As we conclude our meeting, I want to make sure the trafficker does not act on my request. I ask him to wait a day before doing anything. I assure him I'll call him tomorrow with my final answer. He agrees.
To read the rest of the article please click HERE:
Personally... I hope this post disturbs you... into action!
My next post will have some organizations that you can get involved with.
Please do leave a comment.
Monday, 15 June 2009
Thursday, 11 June 2009
I love the story about 2 shoe salesmen who were sent to an African country to find new sales potential. The first salesman sent a telegram back home saying that he needed to return, no sales possible, no-one wears shoes. The second salesman sent a telegram urging the company to send over as many shoes as possible... everyone needs a pair!
I love what this individual did on his TradeMe auction post... trust me, you don't want to miss this. Click HERE to check it out.
So what did you think?
Leave a comment and let me know.
PS: How is your perspective?
Friday, 5 June 2009
Warning... the content may disturb you!
Leave a comment and let me know what you thought.
Wednesday, 3 June 2009
(5) Being greedy, indecent, or immoral is just another way of worshiping idols. You can be sure that people who behave in this way will never be part of the kingdom that belongs to Christ and to God.
Having sex (not just sexual intercourse, but any sex act outside of marriage... including fondling!) outside of marriage is idol worship!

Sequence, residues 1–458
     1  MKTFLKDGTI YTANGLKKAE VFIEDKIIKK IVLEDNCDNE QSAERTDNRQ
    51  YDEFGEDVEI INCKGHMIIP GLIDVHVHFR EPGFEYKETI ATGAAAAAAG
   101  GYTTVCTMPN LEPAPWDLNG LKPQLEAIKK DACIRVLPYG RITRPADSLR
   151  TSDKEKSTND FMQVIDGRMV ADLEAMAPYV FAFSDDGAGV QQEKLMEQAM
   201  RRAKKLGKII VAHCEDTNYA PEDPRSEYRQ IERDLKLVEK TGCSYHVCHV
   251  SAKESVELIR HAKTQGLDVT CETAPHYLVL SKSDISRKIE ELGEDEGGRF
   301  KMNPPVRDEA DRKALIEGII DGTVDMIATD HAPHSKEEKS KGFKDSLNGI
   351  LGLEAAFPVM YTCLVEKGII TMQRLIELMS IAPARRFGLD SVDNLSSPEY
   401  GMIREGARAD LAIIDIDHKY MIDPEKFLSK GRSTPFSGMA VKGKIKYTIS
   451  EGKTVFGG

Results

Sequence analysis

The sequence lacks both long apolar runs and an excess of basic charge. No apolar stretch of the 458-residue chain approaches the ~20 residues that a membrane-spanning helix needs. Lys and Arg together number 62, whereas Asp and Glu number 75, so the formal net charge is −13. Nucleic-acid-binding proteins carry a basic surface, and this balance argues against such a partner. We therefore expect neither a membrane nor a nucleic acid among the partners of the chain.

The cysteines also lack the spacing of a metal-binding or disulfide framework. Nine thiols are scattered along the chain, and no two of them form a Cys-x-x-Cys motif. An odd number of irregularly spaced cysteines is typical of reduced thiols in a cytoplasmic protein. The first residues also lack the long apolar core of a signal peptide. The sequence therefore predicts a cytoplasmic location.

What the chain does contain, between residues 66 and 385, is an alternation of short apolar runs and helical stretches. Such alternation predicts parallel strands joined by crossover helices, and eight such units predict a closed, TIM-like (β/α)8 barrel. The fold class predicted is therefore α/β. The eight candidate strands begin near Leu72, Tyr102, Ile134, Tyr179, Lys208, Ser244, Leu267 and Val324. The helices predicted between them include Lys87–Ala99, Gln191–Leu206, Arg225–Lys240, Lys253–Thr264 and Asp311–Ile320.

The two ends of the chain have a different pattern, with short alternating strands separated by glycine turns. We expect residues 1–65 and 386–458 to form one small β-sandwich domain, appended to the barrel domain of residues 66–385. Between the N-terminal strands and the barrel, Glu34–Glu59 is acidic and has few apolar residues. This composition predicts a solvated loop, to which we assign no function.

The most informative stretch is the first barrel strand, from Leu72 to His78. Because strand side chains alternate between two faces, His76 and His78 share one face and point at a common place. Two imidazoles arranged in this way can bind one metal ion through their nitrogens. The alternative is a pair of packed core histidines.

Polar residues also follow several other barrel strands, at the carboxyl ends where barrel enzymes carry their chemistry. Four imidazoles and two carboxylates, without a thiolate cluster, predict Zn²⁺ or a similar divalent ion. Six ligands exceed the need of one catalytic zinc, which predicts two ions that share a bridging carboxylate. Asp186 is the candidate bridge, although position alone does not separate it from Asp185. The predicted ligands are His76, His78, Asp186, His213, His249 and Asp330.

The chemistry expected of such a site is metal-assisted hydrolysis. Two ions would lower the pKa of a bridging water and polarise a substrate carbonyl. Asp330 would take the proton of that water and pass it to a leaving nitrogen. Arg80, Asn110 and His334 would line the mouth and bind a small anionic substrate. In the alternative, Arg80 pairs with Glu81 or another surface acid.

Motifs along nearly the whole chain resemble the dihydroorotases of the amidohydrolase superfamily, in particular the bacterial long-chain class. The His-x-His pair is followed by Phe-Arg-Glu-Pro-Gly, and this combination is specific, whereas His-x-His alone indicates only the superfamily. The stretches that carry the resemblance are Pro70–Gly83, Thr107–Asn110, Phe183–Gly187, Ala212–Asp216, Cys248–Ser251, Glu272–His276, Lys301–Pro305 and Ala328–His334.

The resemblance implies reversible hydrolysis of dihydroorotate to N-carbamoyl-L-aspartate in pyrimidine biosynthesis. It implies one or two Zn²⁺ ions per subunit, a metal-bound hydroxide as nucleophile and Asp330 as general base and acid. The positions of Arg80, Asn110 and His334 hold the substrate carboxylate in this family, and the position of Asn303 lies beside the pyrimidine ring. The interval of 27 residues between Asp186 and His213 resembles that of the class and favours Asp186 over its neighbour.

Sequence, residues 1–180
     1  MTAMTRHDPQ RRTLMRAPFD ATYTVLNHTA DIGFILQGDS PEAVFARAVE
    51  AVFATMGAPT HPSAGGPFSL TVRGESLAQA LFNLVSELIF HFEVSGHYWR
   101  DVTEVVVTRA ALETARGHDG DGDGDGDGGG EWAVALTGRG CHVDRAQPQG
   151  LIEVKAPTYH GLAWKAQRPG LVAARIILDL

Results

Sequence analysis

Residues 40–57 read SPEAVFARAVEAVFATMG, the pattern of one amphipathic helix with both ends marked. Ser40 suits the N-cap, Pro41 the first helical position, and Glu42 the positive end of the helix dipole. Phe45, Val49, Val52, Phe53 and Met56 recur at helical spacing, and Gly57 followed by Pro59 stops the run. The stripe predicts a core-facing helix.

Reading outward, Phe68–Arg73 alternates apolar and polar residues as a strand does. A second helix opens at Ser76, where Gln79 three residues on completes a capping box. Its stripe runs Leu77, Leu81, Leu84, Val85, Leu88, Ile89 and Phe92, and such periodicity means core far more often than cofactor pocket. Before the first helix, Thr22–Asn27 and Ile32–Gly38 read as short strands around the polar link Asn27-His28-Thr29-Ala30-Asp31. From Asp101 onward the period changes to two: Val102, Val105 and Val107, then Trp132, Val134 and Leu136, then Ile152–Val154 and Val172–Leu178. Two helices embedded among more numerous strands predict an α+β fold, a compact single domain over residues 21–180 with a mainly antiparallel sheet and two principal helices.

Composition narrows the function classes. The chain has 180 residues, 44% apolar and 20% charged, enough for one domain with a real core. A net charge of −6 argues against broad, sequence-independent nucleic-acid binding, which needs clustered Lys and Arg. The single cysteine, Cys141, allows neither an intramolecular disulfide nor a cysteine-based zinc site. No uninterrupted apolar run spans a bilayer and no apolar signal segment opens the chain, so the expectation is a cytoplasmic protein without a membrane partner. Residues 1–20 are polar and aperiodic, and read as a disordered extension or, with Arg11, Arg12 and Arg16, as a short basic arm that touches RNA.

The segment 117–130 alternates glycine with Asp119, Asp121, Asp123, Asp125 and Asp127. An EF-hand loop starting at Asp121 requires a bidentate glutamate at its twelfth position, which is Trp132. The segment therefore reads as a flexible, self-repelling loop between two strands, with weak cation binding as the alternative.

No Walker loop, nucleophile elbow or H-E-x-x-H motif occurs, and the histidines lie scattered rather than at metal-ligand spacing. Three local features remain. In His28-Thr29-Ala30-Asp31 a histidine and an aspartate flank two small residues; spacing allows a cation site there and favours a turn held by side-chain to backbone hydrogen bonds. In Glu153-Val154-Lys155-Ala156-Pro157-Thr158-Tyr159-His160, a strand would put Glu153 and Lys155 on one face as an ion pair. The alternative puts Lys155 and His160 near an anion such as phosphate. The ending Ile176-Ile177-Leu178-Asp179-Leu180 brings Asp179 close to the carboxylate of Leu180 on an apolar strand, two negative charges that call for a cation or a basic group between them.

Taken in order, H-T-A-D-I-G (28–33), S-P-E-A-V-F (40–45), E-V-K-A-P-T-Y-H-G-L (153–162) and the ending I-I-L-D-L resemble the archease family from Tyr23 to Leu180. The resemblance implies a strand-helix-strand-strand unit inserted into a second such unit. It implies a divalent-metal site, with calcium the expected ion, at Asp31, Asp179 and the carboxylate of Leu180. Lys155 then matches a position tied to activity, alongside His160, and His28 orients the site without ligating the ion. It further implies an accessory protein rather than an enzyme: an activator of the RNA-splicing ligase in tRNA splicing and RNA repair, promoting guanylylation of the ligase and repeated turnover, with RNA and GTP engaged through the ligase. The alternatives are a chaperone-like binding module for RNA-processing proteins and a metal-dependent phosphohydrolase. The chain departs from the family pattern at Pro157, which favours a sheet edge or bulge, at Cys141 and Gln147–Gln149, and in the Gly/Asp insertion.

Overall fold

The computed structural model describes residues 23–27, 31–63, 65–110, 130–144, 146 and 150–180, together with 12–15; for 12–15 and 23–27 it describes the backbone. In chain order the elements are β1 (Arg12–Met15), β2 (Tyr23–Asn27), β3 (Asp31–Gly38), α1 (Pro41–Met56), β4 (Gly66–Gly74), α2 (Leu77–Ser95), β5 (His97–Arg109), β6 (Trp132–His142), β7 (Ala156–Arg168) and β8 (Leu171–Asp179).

Infact Jesus further raises the bar:
(27) You know the commandment which says, "Be faithful in marriage."
(28) But I tell you that if you look at another woman and want her, you are already unfaithful in your thoughts.
Wow! Talk about living by a higher standard.
So the challenge is... are you worshiping the idol of sex / fornication / adultery?
If so... STOP IT!
The truth is you can't worship Jesus and other idols!
A heavy post... but the Truth will set us free.
Please do leave a comment about your thoughts re: this post.
Friday, 29 May 2009
Wednesday, 27 May 2009
Accepting others without agreeing with or sharing their beliefs or lifestyle choices.
Accepting that each individual’s beliefs, values, lifestyles, and truth claims are equal.
Give due consideration to others beliefs and lifestyle choices without necessarily approving of them.
Wholehearted approving of others’ beliefs or lifestyle choices.
Embracing people for who they are, not necessarily for what they say or do.
Endorsing and even praising others for their beliefs and lifestyle choices.
Certain things are morally right and wrong as determined by God.
We have no right to judge another person’s view or behaviour.